New Brunswick

Last supper: Wednesday's Premier's Dinner last time for corporate donations

The provincial Liberal Party is enjoying one last cash grab Wednesday night at the annual $500 per plate Premier's Dinner. As of June 1, corporations and unions can no longer make such donations.

New law bans corporate, union political donations on June 1

The annual dinner with the premier Wednesday night will be the last time corporations and unions can buy expensive tickets with the money going to the political party. (CBC)

New Brunswick Liberals will be in Moncton this evening enjoying one last large money haul from business donors just hours before the practice becomes illegal and critical corporate support for political parties in the province is shut down for good.

"Some people have this perception that businesses are potentially influencing politicians and so hopefully this will put people's mind at ease," said senior Gallant government cabinet minister Donald Arseneault Tuesday about the ban.

"We will not accept any more donations for corporations and unions and therefore hopefully people will put that argument to rest."

The initiative to outlaw corporate and union donations passed through the Legislature four weeks ago but was delayed from taking effect until midnight tonight, so Liberals could fit in one last major fundraiser — the $500 per plate Premier's Dinner at Casino New Brunswick — under old donation rules. 

Last year the dinner raised nearly $400,000 for the Liberal Party, about three-quarters of that from businesses who bought most of the tickets.

Liberal cabinet minister Donald Arseneault says banning corporate and union political donations should put an end to any belief that political parties are being influenced in that manner. (CBC)
Arseneault said Progressive Conservatives had their own dinner with corporate supporters before the rules changed and it was decided Liberals should be able to do the same. 

"We've had a Premier's dinner every year for a number of years now," said Arseneault. "Just to be fair —  it was already planned so we're going to do it (the ban) on June 1st."

Corporate money has financed political activity in New Brunswick for generations, flowing overwhelmingly to whichever political party has been in power.

According to records kept by Elections NB, businesses have donated more than $24 million to New Brunswick political parties over the last 30 years, about $2 million more than the amount donated by citizens and sixty times more than the money given to parties by trade unions.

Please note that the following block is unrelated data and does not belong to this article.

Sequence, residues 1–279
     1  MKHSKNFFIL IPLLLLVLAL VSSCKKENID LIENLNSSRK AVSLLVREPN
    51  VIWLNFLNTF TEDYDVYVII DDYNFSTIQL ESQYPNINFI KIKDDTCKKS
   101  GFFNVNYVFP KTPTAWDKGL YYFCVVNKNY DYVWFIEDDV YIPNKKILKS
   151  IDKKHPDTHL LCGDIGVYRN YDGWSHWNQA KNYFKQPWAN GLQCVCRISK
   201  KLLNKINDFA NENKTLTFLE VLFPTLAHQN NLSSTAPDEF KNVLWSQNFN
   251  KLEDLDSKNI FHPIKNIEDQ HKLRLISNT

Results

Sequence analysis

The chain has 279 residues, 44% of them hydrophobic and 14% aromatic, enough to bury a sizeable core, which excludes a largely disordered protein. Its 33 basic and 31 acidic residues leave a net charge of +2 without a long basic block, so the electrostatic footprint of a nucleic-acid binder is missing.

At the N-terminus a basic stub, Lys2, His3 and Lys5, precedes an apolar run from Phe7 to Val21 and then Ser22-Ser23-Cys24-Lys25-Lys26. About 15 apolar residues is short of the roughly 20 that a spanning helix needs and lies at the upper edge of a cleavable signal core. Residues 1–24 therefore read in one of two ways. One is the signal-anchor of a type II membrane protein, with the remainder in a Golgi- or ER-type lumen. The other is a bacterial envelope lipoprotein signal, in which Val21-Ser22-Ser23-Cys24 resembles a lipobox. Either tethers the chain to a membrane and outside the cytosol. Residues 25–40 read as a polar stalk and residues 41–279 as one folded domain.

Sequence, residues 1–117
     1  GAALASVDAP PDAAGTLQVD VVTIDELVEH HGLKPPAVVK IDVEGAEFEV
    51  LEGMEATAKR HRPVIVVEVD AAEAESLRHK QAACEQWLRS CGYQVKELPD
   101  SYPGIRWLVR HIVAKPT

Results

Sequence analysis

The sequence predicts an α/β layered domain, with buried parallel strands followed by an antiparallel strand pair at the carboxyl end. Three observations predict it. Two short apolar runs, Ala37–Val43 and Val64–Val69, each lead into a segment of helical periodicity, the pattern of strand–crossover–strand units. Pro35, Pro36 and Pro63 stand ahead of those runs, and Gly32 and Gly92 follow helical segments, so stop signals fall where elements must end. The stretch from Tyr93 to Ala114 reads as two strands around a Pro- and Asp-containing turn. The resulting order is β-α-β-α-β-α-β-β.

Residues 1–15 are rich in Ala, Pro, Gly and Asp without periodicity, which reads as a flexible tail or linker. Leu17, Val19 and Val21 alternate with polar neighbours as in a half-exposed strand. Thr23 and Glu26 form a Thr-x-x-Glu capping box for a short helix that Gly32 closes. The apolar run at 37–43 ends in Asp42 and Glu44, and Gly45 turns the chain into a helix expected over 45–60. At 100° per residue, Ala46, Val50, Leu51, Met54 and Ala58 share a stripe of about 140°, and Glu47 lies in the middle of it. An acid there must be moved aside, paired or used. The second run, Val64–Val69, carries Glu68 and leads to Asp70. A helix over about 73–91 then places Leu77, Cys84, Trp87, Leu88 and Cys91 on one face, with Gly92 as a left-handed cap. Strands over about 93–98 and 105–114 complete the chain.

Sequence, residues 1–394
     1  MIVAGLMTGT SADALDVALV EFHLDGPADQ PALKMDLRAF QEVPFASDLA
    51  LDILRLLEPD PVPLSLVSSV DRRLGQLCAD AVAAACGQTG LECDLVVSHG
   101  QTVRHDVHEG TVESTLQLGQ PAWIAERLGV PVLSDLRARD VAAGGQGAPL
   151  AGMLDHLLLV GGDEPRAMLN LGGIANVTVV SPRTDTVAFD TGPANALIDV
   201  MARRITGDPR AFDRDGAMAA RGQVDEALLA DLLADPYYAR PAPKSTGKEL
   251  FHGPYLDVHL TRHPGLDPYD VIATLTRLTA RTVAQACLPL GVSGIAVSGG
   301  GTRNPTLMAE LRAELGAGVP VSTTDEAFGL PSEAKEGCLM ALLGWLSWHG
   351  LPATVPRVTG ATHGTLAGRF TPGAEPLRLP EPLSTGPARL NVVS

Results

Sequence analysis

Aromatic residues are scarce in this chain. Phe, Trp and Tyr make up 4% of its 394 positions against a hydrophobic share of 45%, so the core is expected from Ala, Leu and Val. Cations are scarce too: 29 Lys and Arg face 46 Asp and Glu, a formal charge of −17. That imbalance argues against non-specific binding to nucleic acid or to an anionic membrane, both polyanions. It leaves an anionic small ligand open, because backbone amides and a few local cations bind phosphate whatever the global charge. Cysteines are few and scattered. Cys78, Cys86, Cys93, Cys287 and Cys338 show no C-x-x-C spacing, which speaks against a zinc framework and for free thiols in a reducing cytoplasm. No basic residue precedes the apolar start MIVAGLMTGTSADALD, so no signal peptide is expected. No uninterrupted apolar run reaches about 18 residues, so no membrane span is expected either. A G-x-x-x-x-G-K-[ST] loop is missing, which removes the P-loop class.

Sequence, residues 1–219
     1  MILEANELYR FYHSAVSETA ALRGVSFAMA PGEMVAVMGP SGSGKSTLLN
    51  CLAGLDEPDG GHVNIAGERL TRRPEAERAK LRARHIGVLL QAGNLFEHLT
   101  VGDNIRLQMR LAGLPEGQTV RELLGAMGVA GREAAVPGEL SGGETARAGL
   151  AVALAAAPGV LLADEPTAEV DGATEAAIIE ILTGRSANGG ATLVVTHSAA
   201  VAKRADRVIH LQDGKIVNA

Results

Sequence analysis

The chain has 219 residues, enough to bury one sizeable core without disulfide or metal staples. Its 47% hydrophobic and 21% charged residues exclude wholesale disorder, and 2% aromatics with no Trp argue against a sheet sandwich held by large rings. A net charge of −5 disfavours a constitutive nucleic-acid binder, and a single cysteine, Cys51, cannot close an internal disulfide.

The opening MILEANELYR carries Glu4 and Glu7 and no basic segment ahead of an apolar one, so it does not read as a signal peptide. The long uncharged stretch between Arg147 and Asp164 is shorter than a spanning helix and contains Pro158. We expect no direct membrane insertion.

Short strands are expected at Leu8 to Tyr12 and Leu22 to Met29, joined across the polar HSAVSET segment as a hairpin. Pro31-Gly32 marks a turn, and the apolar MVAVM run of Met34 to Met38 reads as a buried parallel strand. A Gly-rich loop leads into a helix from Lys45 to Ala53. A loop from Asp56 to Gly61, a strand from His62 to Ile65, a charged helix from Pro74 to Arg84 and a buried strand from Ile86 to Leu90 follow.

Those donations have been large but not loyal, with up to 85 per cent of corporate money going to the Liberal party when it was in power and up to 90 percent to the Progressive Conservative party when it governed.

That has fed suspicions that many businesses donate in exchange for influence or favours, not out of any sense of civic duty.

Expensive meal

At last year's Premier's Dinner the most generous donors included 23 companies that paid $5,000 each to buy whole tables at the event.

The list included many firms that do significant business with the province and others which were openly in search of provincial funding.

One that bought an entire table, the Norwegian peat moss company Jiffy Products Ltd., received $2.5 million in provincial government aid less than three months later.

Another who bought a $5,000 table, the Miramichi Airport Commission Inc., received $500,000 in provincial funding just weeks later.

The Gallant government acknowledged that those kind of interactions, even if they are unrelated, can create a poor impression in the public about how government operates.

"New Brunswickers want to believe that their elected representatives are working for them," said Health Minister Victor Bourdreau as he brought legislation to restrict corporate and union donations forward in early May.

"By completely eliminating political contributions by corporations and trade unions, we are sending a strong message to New Brunswickers: We work for you. Banning political contributions for these groups is the right thing to do."

Green Party leader David Coon calls Wednesday's Premier's Dinner 'the last hurrah.' (Legislative Assembly of New Brunswick)
The changes were supported by all three parties, even though both Liberals and Progressive Conservatives will lose access to their largest donors beginning on Thursday.

Green Party Leader David Coon, who initially proposed the ban last year, said eliminating corporate money from New Brunswick politics is such an important long term reform, he's not overly concerned that Liberals are having one last big corporate fundraiser tonight.

"It's the last hurrah. It would have been better in my view not to delay but I could see why Liberals wanted to do it," said Coon, who believes the big event tonight isn't the fundraiser — it's the donation ban that take effect just hours later.

"It's a step forward in ending that culture of pay to play,"

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